Defining Twilight ReviewAug 18th, 2009 | By Krystal | Category: Book News, Fandom, Featured Articles, Site News
It’s that time of year again. The dreaded back-to-school season! While you are filling your shopping carts with pencils, erasers, and Team Jacob Edward backpacks you might want to add another item to your cart: Brian Leaf’s Defining Twilight. Defining Twilight is a prep book designed to help build vocabulary for those about to take the SAT, ACT, GED, or SSAT. The workbook is broken down into groups that make their way chronologically through Stephenie Meyer’s Twilight. Each group contains sections on vocabulary definitions, synonyms, analogies, and sentence completion, all pertaining to Twilight.
What I liked best about the book was the fact that you use your own copy of Twilight to find the definition and context of the vocabulary words. For example, in one exercise you are asked to go to page 69 in Twilight to reference and guess at the definition of ‘chagrin’ (I picked this as an example because, if you’ve read Midnight Sun, you know this word is one of Stephenie’s favorites). You are given space in the workbook to record your own answers and see if they match up with the answer key. There are also quizzes, reviews, and a glossary of all of the vocabulary words includes in this study guide.
I really appreciated the pop culture references Mr. Leaf uses throughout Defining Twilight. Besides finding them entertaining, I also discovered that these references made the vocabulary definitions stick in my head. The definition of ‘serene’ is defined in reference to Gossip Girl’s Serena van der Woodsen. And I never knew that the word ‘chortle’ was invented by Lewis Carroll in his Alice in Wonderland stories. Mr. Leaf also references Seinfeld and Family Guy to help define the vocab! This is definitely not your average prep guide.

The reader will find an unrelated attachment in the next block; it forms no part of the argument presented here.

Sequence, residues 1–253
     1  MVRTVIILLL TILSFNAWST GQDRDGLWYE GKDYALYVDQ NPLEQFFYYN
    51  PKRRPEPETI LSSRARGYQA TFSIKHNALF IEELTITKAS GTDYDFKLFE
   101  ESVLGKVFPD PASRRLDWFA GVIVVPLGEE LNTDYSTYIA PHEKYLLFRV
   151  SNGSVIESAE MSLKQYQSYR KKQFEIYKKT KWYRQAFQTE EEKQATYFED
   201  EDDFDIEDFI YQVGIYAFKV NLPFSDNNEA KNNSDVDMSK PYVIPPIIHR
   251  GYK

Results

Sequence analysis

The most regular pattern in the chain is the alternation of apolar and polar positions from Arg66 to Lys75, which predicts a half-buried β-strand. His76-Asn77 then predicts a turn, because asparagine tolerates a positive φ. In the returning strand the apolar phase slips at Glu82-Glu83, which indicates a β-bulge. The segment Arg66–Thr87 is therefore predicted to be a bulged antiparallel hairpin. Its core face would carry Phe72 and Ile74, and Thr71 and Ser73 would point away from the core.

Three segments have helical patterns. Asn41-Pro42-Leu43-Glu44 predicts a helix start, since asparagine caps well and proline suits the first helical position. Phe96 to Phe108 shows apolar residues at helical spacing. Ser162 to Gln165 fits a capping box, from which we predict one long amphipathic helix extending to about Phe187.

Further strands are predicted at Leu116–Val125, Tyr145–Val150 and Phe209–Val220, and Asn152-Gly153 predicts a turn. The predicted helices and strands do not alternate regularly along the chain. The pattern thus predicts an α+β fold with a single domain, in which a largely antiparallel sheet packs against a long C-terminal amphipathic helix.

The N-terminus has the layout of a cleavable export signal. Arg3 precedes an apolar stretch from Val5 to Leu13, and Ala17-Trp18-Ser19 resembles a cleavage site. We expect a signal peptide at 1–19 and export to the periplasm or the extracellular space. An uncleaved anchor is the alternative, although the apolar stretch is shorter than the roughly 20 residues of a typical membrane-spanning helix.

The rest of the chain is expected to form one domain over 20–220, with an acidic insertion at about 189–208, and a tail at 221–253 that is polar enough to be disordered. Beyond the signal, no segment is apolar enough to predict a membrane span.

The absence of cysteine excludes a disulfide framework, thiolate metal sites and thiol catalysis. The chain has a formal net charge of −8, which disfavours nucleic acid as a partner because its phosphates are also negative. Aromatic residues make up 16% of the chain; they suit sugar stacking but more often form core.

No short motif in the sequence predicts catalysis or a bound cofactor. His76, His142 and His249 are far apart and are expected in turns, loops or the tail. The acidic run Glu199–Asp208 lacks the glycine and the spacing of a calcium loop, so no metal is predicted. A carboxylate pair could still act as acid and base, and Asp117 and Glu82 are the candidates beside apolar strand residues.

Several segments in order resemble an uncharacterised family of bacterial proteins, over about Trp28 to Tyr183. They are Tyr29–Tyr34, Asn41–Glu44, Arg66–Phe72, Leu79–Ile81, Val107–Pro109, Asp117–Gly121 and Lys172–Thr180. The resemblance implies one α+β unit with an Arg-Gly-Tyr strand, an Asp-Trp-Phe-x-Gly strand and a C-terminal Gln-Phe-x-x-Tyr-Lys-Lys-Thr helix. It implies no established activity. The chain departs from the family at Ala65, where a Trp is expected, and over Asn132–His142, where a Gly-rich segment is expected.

I really wish that there would have been a book like this when I was in school (you know, in the Dark Ages). Studying for all of those tests can be a very dry and tedious business. Having a study guide that utilizes your favorite book to help you learn is a major plus. It makes learning new vocab fun and engaging.
Defining Twilight is a really great resource designed to take the pain out of studying and help you build a greater vocabulary. So remember, when your parents ask you why you are reading Twilight yet again, you can tell them you are studying for your upcoming test
If you have any questions about Defining Twilight, leave a comment and I’ll do my best to answer them. You can order the book here on Amazon. Be sure to check out the videos on Amazon to get a better look at the teaching methods involved (my favorite is Twilight Context Clues)!
Look for Defining New Moon this October!
For more information on Defining Twilight, check out Brian Leaf’s official website!